eLA: What is your role in financing the Education Fund?

Mercy Sila: TEA has been operating through government financing and voluntary contributions received from business communities, private and public institutions and individuals. However, the challenge is the sustainability of the Fund itself and fulfilling the high demands of educational requirements.

TEA develops educational project write-ups on the areas that need support and solicits financing from donors and other development partners, local and International. The philosophy of the Education Fund is based on a Public-Private Partnership.

Since funding is voluntary, the government provides incentives for all contributors.  Contributors are recognised by publicly being awarded a Certificate of Educational Appreciation (CEA), which entitles them to apply for tax relief under the Income Tax.

eLA: What can be contributed?

Mercy Sila: In its databank, TEA has numerous educational projects that are in need of support. Individuals, companies, institutions, foundations and international agencies can contribute to the Education Fund or directly to the educational projects or programmes. Contributions may be made in cash or cash equivalent directly to the Education Fund as well as in goods and or services directly to the TEA or to Fund-Assisted Educational Projects.

eLA: Does TEA have priorities with regard to educational funding, e. g. gender- related education or specific subjects, etc.?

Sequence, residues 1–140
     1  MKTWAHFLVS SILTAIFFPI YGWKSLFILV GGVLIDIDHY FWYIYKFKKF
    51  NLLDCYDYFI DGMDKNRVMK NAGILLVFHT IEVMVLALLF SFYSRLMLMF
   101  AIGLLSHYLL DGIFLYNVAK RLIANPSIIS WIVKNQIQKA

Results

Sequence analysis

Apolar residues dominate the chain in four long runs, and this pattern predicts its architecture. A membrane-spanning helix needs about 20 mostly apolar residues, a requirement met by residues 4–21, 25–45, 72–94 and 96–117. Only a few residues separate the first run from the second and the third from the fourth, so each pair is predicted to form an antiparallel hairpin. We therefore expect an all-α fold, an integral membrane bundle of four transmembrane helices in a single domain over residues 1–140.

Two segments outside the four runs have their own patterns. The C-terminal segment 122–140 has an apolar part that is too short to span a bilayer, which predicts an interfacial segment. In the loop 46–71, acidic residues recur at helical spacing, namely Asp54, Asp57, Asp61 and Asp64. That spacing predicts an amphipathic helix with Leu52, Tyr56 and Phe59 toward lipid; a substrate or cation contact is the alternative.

Mercy Sila: TEA provides support to schools, colleges and universities which include provision of teaching and learning materials and equipment; training of academic staff in specialised skills; curriculum development and review; application and exploitation of Information and Communication Technology (ICT); and quality assurance and management. TEA also supports disadvantaged groups such as the disabled and those with special needs, the indigent, orphans and female students. We also provide funds the construction of dormitories as well as provide dormitory facilities for girls’ hostels and for the construction or expansion of buildings in the form of loans.

eLA: What do you expect from your visit to the eLearning Africa conference?

Mercy Sila: To learn best practices and to gain understanding of the challenges in the introduction of eLearning in education systems. Most specifically I would like to gain knowledge of strategies used in implementing eLearning in schools, teacher-training colleges, technical colleges and higher learning institutions because my organisation has the role of facilitating the acquisition, exploitation and application of ICT at these education levels.

I also hope to get an opportunity to learn techniques of empowering women through ICT and eLearning since one of my organisation’s objectives is to realise gender equity in education.

The visit will also be an avenue to identify and establish collaboration, contacts and networking with development partners who support ICT projects and empowering women in education.

eLA: Mrs Sila, many thanks for your time.


Further links:

Tanzanian Education Authority www.tea.or.tz